If you ask the owners of small and medium-sized businesses about their biggest marketing goals for 2016, having a bigger social media impact ranks very high on the list. When you’re a busy small business owner, you know that creating original content and beautiful images is one hurdle; getting it seen by a receptive audience is another struggle. We sat down with our Director of Web Marketing Brock Murray for his insights into how SMBs can increase their social media impact in 2016:
As a business owner yourself, you know how busy and hectic it can be. What’s the best strategy for achieving their social marketing goals in a short time frame?
The best and most effective way to achieve your social marketing goals is to have a clear understanding of the needs/wants/desires of your target audience. When you understand the pain points of your customers and offer up convenient and accessible solutions in an engaging format, you’ve got a winning formula.
What social media dashboards would you recommend, and why?
First things first, a dashboard is a must-have! Whether it’s an extension like TweetDeck or a third-party platform like SproutSocial, these are huge time-savers. We are partial to Hootsuite for scheduling and organizing posts on the major social media platforms – Facebook, Twitter, Google+, LinkedIn. For Instagram, we are still tinkering with the best platform for desktop-based scheduling/editing/publishing, but Autogrammer is promising.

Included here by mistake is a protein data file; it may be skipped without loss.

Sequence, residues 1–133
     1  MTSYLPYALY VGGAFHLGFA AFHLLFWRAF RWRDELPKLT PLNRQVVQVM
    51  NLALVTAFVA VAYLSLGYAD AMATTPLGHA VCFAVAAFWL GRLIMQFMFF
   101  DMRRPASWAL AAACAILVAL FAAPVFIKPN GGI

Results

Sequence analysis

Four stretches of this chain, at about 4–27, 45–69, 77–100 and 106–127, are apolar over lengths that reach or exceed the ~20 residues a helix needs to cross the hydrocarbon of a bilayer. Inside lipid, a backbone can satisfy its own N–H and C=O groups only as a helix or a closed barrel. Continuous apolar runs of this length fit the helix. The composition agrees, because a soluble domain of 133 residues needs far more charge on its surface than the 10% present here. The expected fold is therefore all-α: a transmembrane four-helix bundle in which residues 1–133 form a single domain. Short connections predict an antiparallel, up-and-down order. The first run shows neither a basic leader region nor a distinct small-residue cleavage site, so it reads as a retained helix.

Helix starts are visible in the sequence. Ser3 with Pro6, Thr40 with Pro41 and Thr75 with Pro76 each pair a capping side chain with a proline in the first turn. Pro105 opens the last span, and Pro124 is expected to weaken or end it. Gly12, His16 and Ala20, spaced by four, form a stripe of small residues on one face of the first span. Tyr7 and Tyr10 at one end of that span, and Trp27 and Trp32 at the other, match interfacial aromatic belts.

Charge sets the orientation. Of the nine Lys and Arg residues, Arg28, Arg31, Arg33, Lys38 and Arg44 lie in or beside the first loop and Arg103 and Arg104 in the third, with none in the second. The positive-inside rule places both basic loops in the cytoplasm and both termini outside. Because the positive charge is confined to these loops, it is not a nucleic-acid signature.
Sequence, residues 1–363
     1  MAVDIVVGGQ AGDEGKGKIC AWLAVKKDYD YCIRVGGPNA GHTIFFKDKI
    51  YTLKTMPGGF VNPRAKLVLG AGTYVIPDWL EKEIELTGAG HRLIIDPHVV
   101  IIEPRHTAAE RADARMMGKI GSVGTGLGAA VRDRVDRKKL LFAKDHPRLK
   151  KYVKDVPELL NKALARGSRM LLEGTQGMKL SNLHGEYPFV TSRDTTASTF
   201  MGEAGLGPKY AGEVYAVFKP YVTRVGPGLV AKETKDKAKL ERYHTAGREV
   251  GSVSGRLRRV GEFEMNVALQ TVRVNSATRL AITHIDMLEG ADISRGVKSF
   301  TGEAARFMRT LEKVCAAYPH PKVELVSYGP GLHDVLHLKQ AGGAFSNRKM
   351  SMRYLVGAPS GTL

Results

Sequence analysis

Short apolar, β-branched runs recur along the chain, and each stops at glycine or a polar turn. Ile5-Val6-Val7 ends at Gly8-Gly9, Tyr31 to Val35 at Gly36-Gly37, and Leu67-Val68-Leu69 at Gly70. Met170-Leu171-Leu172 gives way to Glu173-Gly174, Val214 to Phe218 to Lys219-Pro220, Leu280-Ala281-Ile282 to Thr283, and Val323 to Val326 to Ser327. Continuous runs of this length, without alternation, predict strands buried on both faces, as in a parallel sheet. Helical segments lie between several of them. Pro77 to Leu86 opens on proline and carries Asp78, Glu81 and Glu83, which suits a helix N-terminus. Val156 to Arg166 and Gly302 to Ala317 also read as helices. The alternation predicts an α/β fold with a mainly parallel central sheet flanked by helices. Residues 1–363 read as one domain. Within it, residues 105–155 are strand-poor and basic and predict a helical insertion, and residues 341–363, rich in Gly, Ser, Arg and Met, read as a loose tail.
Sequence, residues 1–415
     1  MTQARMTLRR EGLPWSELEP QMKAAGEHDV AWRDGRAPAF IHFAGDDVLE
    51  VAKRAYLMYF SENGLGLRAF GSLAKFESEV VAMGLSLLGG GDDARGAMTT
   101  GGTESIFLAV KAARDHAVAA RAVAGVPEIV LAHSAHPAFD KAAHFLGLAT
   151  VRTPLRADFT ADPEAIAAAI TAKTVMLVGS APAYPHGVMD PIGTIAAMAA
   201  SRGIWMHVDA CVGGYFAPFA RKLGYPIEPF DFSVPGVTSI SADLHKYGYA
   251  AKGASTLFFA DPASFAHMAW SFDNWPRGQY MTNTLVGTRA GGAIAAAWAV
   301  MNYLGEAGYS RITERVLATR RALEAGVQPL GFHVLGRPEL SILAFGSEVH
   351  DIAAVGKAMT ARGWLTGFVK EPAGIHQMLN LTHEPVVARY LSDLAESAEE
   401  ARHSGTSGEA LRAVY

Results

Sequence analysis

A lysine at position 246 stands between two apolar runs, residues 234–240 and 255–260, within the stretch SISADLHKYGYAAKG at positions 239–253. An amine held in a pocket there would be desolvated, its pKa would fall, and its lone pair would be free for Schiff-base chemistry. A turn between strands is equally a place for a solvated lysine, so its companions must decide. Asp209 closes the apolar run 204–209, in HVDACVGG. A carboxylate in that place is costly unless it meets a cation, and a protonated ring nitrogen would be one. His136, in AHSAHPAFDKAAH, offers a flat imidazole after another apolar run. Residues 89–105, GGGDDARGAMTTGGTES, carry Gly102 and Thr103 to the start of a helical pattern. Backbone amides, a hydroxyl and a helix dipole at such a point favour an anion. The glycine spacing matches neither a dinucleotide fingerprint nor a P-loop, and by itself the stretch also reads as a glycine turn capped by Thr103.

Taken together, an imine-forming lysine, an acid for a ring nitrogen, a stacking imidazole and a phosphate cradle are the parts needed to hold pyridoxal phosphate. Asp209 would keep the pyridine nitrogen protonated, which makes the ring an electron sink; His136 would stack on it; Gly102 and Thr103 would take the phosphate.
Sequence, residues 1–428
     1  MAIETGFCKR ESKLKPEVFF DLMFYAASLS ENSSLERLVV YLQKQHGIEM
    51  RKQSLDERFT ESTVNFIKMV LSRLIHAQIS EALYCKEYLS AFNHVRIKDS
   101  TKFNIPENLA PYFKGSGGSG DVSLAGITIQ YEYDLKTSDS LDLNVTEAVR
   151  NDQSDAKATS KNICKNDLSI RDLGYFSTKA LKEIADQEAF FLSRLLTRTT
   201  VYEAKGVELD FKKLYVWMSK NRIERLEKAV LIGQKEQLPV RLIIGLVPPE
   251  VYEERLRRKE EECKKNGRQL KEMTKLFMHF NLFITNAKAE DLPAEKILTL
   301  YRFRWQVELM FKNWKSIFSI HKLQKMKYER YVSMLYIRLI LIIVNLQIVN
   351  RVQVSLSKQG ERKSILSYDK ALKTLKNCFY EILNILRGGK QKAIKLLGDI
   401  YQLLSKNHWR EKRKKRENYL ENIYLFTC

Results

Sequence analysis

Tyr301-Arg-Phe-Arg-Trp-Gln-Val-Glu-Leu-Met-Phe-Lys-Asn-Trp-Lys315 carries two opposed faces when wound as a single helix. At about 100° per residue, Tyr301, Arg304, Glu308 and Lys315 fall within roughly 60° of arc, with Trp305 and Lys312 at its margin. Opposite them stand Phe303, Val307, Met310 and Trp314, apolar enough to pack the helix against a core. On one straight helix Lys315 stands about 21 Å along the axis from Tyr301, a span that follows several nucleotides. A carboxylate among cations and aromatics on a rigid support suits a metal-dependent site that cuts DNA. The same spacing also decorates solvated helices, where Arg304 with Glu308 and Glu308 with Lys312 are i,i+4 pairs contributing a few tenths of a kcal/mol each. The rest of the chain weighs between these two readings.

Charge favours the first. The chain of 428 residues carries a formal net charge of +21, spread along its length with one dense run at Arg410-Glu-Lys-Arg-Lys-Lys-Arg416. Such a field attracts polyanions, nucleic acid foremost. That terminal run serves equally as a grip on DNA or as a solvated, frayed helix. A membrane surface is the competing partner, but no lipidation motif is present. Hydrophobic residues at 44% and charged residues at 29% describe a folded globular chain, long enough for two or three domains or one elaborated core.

Content is King, we hear it all the time. Give us the goods – how can SMBs create killer content?
Research and create personas that best represent your target demographic. From there, you need to understand the needs/wants/desires/pain points of your audience at every stage of the sales funnel. Create insightful, informative, entertaining, and captivating content based on these needs, in many different formats (text, video, infographic, slideshow – you get the picture).Try a variety of different approaches until you strike magic.
Why is a social strategy so important? Why is it worth the investment of time, effort, and money?
Aside from the obvious like sales and brand exposure, I think a realistic goal for SMBs is to foster “brand evangelists.” They feel invested in your business and will spread the word on your behalf with no extra effort or investment on your part. Easier said than done, but if you prove your worth it can be something special.
We’ve focused on how to do things right, but what about mistakes to avoid?
The biggest mistakes you want to avoid are of course social media faux-pas: embarrassing tweets, political cat fights on Facebook, hijacked branded hashtags, that sort of thing. You can avoid them by learning from other companies’ past mistakes, but the real trick is reputation management. Be thoughtful and genuine, and you can slide past most missteps.
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